Friday, December 10, 2010

BlackRock Says: "Dividends Make Up 90% of Total Return"

One the face of it that statement is wrong. They must have some sort of reinvested, compounded methodology in mind.
From CNBC's Behind the Money:
If Congress fails to extend the Bush tax cuts on dividend income, they will be taking a direct hit at the most important part of an equity investment, one which accounts for nearly all of its return.

“Some may be surprised to learn that 90 percent of U.S. equity returns over the last century have been delivered by dividends and dividend growth,” said BlackRock’s Richard Turnill and Stuart Reeve, in a report to clients today advocating investment in dividend stocks. They head the global equity team for the world’s largest money manager....

“With government yields plummeting around the world, and interest rates possibly staying low for a significant length of time, expectations are rising for a period of below-trend growth and possibly deflation,” said the BlackRock strategists. “We believe those higher-yielding companies that recognize the lower-growth environment and commit to realistic dividend growth will be much better positioned to outperform than those companies that use their cash on balance sheet to grow through acquisitions.”

The BlackRock report showed that the long-term benefit of dividends is not just a U.S. phenomenon. Since 1970, more than 80 percent of European equity returns came from dividend yield and growth, it stated, citing data from GMO....MORE, the bits between the ellipses is worth reading.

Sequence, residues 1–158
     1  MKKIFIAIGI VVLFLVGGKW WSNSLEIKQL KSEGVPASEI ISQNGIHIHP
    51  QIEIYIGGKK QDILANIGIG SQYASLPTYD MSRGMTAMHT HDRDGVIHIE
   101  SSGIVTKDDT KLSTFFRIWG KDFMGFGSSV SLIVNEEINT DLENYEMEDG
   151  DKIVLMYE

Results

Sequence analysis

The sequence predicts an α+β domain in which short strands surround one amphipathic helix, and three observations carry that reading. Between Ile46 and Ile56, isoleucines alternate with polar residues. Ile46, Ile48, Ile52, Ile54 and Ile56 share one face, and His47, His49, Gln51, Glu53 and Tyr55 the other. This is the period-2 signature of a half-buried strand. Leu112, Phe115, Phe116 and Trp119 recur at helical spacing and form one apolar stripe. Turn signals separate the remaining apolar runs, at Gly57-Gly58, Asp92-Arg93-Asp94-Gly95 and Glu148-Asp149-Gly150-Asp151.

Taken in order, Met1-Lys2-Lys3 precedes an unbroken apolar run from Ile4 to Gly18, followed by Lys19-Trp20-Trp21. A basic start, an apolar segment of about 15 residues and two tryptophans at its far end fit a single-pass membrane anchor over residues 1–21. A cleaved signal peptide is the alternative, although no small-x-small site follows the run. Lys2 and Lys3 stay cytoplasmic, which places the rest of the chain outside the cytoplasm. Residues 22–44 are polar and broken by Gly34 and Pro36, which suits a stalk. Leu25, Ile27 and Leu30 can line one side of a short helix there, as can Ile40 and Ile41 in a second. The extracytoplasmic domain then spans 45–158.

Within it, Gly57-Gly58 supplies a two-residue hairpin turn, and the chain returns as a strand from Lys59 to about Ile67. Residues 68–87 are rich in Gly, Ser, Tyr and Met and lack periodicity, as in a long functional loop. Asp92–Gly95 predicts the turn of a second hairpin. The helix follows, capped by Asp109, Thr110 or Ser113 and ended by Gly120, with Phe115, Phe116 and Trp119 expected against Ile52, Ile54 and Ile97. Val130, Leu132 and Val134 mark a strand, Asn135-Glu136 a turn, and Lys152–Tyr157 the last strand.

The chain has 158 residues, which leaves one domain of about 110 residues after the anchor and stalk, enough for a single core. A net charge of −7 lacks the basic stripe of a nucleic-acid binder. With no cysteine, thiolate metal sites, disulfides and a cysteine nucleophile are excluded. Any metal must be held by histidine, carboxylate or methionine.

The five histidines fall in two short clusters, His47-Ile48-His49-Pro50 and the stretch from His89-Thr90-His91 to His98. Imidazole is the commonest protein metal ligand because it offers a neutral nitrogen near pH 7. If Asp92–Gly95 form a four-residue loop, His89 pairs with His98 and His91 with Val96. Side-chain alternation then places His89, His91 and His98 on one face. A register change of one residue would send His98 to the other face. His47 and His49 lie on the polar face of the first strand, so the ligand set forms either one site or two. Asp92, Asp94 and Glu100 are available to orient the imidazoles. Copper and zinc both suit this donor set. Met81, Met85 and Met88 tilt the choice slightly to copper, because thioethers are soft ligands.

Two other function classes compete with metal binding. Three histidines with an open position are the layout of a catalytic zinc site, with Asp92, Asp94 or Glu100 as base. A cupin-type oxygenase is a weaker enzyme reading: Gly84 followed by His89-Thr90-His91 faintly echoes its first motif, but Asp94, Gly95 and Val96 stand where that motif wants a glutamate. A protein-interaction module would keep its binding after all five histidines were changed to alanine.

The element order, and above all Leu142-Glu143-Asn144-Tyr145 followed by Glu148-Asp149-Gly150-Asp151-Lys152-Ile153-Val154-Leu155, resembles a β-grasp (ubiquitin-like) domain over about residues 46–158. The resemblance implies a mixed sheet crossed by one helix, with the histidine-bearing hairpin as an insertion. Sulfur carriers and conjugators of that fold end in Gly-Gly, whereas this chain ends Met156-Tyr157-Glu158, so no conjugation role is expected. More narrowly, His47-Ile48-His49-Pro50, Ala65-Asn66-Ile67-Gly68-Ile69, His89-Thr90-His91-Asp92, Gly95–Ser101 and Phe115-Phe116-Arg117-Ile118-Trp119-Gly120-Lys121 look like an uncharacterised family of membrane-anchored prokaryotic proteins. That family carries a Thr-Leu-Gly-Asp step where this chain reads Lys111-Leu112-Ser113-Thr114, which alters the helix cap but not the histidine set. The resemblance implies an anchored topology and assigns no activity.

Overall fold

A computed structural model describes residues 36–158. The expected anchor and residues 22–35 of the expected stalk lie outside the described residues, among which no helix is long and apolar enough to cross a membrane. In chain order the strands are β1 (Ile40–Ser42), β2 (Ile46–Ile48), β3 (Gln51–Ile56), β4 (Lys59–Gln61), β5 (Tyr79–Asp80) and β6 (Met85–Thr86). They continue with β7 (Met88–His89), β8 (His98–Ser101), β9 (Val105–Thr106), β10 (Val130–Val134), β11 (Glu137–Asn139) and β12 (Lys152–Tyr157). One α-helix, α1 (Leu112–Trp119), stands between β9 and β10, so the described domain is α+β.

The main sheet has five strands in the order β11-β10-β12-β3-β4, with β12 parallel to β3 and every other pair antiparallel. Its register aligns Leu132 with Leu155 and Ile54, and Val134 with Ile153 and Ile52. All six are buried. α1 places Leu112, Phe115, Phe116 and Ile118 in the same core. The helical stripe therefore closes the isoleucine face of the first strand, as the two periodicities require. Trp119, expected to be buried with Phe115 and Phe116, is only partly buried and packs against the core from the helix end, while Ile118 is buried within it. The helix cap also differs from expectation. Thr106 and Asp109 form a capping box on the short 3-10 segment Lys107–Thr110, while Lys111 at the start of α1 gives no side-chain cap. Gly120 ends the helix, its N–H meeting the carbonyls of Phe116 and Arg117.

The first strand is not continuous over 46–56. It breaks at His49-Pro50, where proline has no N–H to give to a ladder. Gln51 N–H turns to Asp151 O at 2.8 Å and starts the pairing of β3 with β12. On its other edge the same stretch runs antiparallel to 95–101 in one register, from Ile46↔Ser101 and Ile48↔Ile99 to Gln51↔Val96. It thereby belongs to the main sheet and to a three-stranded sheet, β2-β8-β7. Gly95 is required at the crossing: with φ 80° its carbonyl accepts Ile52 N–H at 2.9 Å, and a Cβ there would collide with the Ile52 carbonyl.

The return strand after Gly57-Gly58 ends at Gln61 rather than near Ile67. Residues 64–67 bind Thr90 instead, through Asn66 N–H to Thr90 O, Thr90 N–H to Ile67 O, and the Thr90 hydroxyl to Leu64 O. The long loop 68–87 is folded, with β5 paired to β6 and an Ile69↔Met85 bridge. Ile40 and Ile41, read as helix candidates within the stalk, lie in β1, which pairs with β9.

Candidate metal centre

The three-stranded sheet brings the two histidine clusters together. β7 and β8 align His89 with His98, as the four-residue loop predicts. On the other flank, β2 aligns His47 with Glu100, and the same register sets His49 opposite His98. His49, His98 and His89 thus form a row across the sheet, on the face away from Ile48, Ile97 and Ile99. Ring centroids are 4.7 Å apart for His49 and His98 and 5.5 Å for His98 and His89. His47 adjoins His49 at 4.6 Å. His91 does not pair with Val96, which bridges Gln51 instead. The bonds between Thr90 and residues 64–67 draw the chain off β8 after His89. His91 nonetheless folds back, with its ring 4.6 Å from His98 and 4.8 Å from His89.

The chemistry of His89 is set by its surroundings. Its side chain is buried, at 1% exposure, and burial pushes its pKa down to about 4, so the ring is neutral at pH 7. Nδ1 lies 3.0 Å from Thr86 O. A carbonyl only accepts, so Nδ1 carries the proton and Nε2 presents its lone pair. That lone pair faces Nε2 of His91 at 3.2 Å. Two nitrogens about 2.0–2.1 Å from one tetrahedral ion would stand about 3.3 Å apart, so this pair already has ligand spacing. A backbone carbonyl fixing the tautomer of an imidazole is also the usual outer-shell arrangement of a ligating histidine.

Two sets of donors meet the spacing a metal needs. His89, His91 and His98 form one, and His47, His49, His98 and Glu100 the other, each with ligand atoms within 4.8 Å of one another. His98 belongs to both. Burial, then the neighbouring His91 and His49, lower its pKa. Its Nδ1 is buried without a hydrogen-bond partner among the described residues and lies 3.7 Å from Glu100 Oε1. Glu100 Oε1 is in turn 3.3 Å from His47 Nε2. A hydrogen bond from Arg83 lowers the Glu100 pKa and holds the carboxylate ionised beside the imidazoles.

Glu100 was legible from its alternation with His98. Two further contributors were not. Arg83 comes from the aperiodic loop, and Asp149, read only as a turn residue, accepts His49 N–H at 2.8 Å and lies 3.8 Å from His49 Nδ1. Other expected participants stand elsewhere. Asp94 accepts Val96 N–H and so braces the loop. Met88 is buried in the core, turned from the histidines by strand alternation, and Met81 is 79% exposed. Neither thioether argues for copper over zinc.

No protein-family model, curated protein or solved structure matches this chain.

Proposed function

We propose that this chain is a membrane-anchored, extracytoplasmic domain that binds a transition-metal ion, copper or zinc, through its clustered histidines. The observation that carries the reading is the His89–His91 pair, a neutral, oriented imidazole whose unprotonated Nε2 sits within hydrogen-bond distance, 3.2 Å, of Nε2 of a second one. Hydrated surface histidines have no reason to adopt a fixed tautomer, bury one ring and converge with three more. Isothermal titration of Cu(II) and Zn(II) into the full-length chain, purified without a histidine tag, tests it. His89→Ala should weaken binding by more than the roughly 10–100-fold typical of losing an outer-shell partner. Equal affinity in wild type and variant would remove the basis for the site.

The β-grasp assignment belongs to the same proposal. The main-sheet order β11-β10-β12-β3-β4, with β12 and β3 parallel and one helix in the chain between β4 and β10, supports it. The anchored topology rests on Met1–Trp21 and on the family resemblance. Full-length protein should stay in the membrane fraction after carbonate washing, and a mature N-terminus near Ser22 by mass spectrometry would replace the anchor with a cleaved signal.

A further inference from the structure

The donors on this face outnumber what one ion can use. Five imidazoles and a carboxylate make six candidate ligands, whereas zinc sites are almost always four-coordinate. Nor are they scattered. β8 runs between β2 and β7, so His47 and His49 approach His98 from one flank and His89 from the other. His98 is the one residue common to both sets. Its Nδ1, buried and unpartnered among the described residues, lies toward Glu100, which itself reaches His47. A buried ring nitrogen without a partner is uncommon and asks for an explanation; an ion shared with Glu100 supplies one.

We have quite a few links to the academic study of equity returns, here are a few posts: 

A subject near and dear to my heart. I may be the only person I've ever met who read every page of The Cowles Commission's Common Stock Indexes 1871-1937. [you must be a blast at parties -ed]
(links below)
Lifted in toto from EconomPic Data:
Following my post Equity Valuation Matters, I received a request to show the results in real terms (presented here).

As I said then:
Please note this still misses a HUGE sources of return (dividends), which accounts for a much larger share of actual returns than people think. An almost identical amount as change in index in fact (dividend yield has averaged 4.49% since 1871, while returns on the index have averaged 4.45% over that same time frame). It makes the current ~2% dividend yield look awfully small.

I will look to show results of total S&P 500 return vs. the Fair Value method next week. 
Here goes...
Does Stock-Market Data Really Go Back 200 Years?
 General Electric Dividend: Good Sign or Management out of Ideas? (GE)
Up and Down Wall Street: Rob Arnott "After Lost Decade, It's Still Tough to Find Returns "
Equity Risk Premium: "Why the market’s rate of return—and your nest egg—may never recover"
"Snoop Dogg tries to rent entire country of Liechtenstein"
A Really Smart Guy On Stocks, Bonds and Expected Returns
What Risk Premium Is “Normal”?
The Financial Times Gets to the Heart of What Société Générale's Albert Edwards is Saying (Sept. 24, 2010)